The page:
By Johané Neilson
Have you ever made your own biltong? It’s said that the art of making biltong is as specialised as that of winemaking – so if you think you’re a master in the making, enter the annual Stellenbosch Hills Biltong Maker of the Year competition. You could win R60 000 in prizes (see below)! I spent a morning at the Freddie Hirsch head office trying my hand at making biltong with a few other journalists.
Making the cut
Elize de Witt, Freddy Hirsch’s National Training Officer demonstrated how simple it is to section a large piece of meat for biltong. She makes it look so easy! If you still find it daunting, ask you butcher to help you.
• Biltong can be made from virtually any cut of venison. But note that the quality of the
meat directly influences the quality of your biltong.
• Grade A silverside beef is the best cut to use.
• Use freshly cut meat, and slice meat with a sharp knife. Cut with the grain in one motion – hacking can lead to spoiling during the drying process.
• Thicker strips will take longer to dry and increases the risk of spoiling.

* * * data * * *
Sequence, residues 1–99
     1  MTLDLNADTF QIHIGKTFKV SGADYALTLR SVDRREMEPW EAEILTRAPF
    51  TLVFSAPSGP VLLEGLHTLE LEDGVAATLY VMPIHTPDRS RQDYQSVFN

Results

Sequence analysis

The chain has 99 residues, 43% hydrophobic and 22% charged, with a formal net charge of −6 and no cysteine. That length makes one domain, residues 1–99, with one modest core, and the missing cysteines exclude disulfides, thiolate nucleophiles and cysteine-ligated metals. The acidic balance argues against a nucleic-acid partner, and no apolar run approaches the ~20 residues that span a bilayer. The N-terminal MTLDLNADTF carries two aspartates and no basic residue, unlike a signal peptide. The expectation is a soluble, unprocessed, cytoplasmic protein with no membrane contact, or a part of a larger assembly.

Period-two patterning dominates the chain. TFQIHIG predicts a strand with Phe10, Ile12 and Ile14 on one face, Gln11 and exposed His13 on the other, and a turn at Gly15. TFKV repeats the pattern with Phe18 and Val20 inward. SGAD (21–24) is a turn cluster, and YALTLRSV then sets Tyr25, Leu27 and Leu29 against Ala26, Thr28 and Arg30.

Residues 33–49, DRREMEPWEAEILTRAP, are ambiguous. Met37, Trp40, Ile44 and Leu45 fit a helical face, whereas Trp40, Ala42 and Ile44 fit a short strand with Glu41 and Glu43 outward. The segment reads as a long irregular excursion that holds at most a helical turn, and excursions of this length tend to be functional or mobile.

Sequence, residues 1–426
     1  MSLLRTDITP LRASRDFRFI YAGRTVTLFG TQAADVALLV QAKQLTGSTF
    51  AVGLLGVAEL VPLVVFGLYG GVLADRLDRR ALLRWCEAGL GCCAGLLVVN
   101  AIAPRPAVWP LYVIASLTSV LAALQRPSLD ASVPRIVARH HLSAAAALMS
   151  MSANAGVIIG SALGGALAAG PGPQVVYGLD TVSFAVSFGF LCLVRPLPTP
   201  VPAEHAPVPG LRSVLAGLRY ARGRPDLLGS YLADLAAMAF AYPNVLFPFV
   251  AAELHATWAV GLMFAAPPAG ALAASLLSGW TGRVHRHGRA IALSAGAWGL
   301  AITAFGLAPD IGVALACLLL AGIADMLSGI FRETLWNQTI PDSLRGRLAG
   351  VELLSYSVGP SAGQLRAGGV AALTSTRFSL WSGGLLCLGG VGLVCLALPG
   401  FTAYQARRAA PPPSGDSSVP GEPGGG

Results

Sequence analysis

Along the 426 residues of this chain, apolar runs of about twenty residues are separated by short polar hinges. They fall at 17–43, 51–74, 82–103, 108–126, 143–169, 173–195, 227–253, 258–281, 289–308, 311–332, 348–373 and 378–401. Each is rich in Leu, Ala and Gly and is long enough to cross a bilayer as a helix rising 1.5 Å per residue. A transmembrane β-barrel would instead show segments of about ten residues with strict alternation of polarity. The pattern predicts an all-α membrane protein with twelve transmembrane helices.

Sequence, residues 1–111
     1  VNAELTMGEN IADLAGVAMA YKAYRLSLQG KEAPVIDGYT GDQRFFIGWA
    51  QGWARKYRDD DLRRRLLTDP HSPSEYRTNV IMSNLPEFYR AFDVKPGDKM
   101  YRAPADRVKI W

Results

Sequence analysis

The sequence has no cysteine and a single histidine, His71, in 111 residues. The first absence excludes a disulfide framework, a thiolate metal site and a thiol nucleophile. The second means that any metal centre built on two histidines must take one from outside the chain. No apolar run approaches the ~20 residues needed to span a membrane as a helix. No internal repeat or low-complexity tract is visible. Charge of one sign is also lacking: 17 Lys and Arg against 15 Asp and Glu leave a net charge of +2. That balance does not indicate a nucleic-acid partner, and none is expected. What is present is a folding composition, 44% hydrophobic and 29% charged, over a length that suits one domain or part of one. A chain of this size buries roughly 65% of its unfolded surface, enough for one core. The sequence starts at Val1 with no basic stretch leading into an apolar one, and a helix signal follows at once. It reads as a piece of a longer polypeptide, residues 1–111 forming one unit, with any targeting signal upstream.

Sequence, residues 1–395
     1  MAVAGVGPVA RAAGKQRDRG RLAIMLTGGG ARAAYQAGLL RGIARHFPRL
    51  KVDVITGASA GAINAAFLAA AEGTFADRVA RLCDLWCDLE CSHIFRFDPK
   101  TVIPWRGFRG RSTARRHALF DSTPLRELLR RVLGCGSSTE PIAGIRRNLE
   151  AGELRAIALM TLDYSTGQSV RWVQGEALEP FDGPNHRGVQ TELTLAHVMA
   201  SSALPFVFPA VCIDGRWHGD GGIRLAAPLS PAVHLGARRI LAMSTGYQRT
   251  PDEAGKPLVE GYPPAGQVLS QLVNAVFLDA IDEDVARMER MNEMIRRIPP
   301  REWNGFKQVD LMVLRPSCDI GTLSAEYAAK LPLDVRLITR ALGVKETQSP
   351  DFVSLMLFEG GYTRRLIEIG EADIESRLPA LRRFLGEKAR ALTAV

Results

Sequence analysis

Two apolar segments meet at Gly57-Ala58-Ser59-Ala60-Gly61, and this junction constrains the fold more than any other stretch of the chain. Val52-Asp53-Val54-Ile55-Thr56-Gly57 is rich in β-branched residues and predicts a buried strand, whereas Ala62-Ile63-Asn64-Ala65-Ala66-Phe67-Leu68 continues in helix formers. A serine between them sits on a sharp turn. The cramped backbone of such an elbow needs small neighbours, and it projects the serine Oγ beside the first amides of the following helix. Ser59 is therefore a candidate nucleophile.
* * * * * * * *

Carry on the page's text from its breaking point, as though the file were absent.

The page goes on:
We got to take a parcel of biltong home to hang. Elize uses Hunters Biltong mix from Freddie Hirsh – it’s delicious! If you want to make your own spice mix, you can still follow her guidelines. This is what mine looked like before hanging.
Elize’s Biltong recipe
- For every 1kg meat use 45g spice (We used Hunters with a little extra dried coriander)
- Place the meat in a clear plastic bag instead of a bowl – no mess, no fuss and you can massage the marinade into your biltong.
- Add about 10ml vinegar (wine or lemon juice also work) – not too much as the acid can overpower the biltong taste.
- Add about 30-50ml Worcestersous
- Give the meat a good massage and refrigerate overnght to rest.
- The meat is ready to hang the next day. It will take about 3 days to dry in a small biltong maker.